Bhajji vs. Samosa: Street food showdown of the century


DSCF1356In the last post I made, I promised a bhajji vs. samosa contest straight from foodie heaven. I will first outline what both of these food items are, and will then share my thoughts and the votes and comments of various family members. Then, reader, it’s down to you to vote on your favourite. And if you ever find yourself in Dhaka, do stop by a roadside stall and sample these for yourself!

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Fuchka experience

So, today I made and ate fuchka for the first time!!!! For those of you who missed Bangladeshi Street Food 101, a fuchka is a little crispy shell filled with a chickpea paste and chopped vegetables and topped with a sweet sauce.

The fuchka arrived at our house by means of my father, who had ate them with workmates earlier in the afternoon. They were not assembled, but came in a kit consisting of a bag of around 10 fuchka, a tub of chickpea filling and a small bag of sauce. Assembly goes as follows.

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Cycling in Dhaka for Dummies


  1. Don’t follow the rules. If there is a stop sign, stopping is optional. If there is a speed limit, no-one will thank you for abiding to it. In short, by following the rules, you are causing problems for yourself and your fellow road users, and will receive a lot of angry beeping in return for your attempts to remain legal.
  2. Take risks that may be fatal. Everyone else on the road is only concerned about getting to their destination as fast as possible, so why shouldn’t you be? Don’t be afraid to zoom in front of a truck, or overtake when you can’t see if there is any oncoming traffic.
  3. If you don’t yield, then you have right of way. When approaching a car that is about to emerge from a side street, DO NOT SLOW DOWN. Speed up! If you feel badly for delaying this person by 5 seconds, bear in mind that they would have done the same to you.
  4. Driving on the left side of the road is optional. More often than not, there isn’t a separation between the two sides of the road, and even if there is, don’t feel that you have to stick on the left all the time. If you are overtaking and the right lane is empty, stick in it for a while. Also, because of the millions of people living in Dhaka, there are 100’s of thousands of people on the roads, and there may not be enough space on your side of the road. Not as problem! Create another lane! On the other side of the road. Riding into the incoming traffic.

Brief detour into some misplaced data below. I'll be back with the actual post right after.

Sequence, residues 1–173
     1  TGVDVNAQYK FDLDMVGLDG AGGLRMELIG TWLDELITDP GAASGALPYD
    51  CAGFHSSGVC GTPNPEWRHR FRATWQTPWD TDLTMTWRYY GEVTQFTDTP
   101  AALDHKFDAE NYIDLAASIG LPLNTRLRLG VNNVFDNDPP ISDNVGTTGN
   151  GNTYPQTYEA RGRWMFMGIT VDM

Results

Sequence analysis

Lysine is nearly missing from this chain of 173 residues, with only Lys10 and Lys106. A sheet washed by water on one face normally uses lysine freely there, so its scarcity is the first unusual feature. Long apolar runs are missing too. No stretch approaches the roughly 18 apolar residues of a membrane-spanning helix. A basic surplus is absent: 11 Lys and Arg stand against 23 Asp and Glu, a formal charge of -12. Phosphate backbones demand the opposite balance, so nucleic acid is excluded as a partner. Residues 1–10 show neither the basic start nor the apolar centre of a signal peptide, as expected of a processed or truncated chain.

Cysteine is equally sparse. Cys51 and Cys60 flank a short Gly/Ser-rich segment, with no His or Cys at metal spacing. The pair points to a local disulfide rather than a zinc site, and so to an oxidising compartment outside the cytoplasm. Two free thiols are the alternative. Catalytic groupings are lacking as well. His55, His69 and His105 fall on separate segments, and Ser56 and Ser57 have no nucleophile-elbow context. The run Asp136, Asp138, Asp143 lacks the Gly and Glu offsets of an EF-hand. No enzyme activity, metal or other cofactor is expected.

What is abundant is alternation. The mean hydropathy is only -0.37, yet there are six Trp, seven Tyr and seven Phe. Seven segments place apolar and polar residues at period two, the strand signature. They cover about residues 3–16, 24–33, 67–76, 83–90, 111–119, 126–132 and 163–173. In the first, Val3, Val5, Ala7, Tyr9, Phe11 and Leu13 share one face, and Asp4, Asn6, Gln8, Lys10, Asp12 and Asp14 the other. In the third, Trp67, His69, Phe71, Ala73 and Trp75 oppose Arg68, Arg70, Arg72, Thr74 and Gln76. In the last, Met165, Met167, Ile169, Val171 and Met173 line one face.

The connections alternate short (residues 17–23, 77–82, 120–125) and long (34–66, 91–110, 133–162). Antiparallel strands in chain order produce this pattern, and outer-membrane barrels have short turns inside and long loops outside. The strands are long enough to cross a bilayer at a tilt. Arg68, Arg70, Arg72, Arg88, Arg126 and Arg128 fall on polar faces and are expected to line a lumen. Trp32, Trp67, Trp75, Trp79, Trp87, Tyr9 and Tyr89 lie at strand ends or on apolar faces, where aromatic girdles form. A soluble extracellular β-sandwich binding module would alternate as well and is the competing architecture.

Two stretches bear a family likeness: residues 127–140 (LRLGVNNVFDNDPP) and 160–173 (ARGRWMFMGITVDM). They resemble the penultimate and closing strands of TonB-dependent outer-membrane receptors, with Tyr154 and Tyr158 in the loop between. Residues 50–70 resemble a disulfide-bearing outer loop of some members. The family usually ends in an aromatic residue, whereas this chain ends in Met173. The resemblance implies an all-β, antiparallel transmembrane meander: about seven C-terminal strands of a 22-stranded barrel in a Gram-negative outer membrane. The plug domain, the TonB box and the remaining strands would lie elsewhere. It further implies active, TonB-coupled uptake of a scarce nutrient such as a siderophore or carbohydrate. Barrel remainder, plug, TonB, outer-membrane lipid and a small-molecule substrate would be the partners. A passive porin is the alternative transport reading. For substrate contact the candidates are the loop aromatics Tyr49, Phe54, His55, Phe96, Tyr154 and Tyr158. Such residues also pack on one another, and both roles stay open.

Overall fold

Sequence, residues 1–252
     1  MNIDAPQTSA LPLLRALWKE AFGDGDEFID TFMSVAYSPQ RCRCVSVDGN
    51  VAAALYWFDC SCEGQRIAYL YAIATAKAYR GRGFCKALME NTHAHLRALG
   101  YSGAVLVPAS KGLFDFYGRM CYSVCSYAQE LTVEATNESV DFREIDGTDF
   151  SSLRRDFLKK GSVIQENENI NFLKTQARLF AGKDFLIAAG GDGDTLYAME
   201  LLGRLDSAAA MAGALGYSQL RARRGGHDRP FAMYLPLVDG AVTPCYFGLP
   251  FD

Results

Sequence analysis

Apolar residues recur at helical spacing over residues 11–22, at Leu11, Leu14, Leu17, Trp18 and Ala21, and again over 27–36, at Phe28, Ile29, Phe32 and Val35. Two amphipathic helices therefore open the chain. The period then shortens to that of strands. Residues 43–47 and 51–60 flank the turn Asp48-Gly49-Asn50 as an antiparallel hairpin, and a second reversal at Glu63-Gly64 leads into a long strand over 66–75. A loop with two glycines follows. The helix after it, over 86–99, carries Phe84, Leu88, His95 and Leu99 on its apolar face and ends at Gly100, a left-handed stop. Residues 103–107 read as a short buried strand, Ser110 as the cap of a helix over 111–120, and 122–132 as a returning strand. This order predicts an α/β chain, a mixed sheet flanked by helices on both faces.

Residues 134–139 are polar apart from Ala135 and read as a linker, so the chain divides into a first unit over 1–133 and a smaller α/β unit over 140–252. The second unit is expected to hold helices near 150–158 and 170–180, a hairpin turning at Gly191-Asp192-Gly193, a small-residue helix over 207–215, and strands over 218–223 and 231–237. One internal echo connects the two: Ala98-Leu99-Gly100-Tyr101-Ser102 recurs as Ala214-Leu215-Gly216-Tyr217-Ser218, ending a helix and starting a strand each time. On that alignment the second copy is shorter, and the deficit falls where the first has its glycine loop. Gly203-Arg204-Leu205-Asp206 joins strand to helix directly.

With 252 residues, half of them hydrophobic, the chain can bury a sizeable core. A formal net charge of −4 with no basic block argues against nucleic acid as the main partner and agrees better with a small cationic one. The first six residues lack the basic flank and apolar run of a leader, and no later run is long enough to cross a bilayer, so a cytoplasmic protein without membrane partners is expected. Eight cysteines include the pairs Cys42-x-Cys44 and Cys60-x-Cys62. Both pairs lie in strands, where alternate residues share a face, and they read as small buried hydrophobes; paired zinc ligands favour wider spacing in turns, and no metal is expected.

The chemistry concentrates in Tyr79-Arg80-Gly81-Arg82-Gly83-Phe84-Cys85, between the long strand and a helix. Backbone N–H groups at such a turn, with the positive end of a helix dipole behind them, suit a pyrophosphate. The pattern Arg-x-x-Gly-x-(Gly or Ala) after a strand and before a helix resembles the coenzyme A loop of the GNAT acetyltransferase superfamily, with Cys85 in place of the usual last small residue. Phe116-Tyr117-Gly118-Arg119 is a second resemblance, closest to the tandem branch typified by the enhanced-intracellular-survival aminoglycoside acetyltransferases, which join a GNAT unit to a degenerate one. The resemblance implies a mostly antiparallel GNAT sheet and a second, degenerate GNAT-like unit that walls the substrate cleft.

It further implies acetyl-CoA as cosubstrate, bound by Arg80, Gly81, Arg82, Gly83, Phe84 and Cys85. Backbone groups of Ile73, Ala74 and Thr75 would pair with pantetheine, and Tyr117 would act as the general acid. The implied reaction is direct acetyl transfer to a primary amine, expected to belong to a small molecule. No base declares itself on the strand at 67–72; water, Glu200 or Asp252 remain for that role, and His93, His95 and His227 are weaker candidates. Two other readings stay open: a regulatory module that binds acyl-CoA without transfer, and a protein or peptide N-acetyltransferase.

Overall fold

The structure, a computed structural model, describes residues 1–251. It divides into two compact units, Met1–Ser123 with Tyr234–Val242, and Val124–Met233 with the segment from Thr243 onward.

5. Traffic lights are guidelines, not mandatory rules. After the light goes red, people will continue to go for at least 30 seconds. So, therefore, you will too. Also, if the light is red and nobody is currently driving through, then about 100 other drivers, you included, will take it upon yourself to cross the intersection, and most likely cause a pile-up.
  6. Be confident in yourself. If you are not confident in yourself and your performance on the road, then cycling in Dhaka is not for you. Sorry. Fold those Lycra shorts away in your closet and put your bike in storage. NO!!! Be confident in yourself and your abilities! All you need to cycle in Dhaka is a cool head and the ability to make quick decisions. So go! Be confident and cycle. It’s a whole load of fun and if you abstain for whatever reason, then you are missing out on something awesome!

Greetings from Dhaka

Hello, folks. I may or may not have published some unfinished posts before, but for the record we will say that this is my first post. Yay! A momentous occasion! So a little bit about me. I have relocated from the UK to Dhaka, Bangladesh, where I now live. I enjoy Led Zeppelin and tea, what with being an Englishman and all. I play guitar, ukulele and bagpipes, and in the near future I would like to improve on the bass guitar. On today, the 5th of January 2016, while pondering on a possible creative outlet for my genius, I remembered that I had set up a WordPress account in 2014, and have rejected it ever since. So I picked up where I left off (choosing my background colour) and started typing. So I hope that you, reader, will enjoy posts from the mind of me.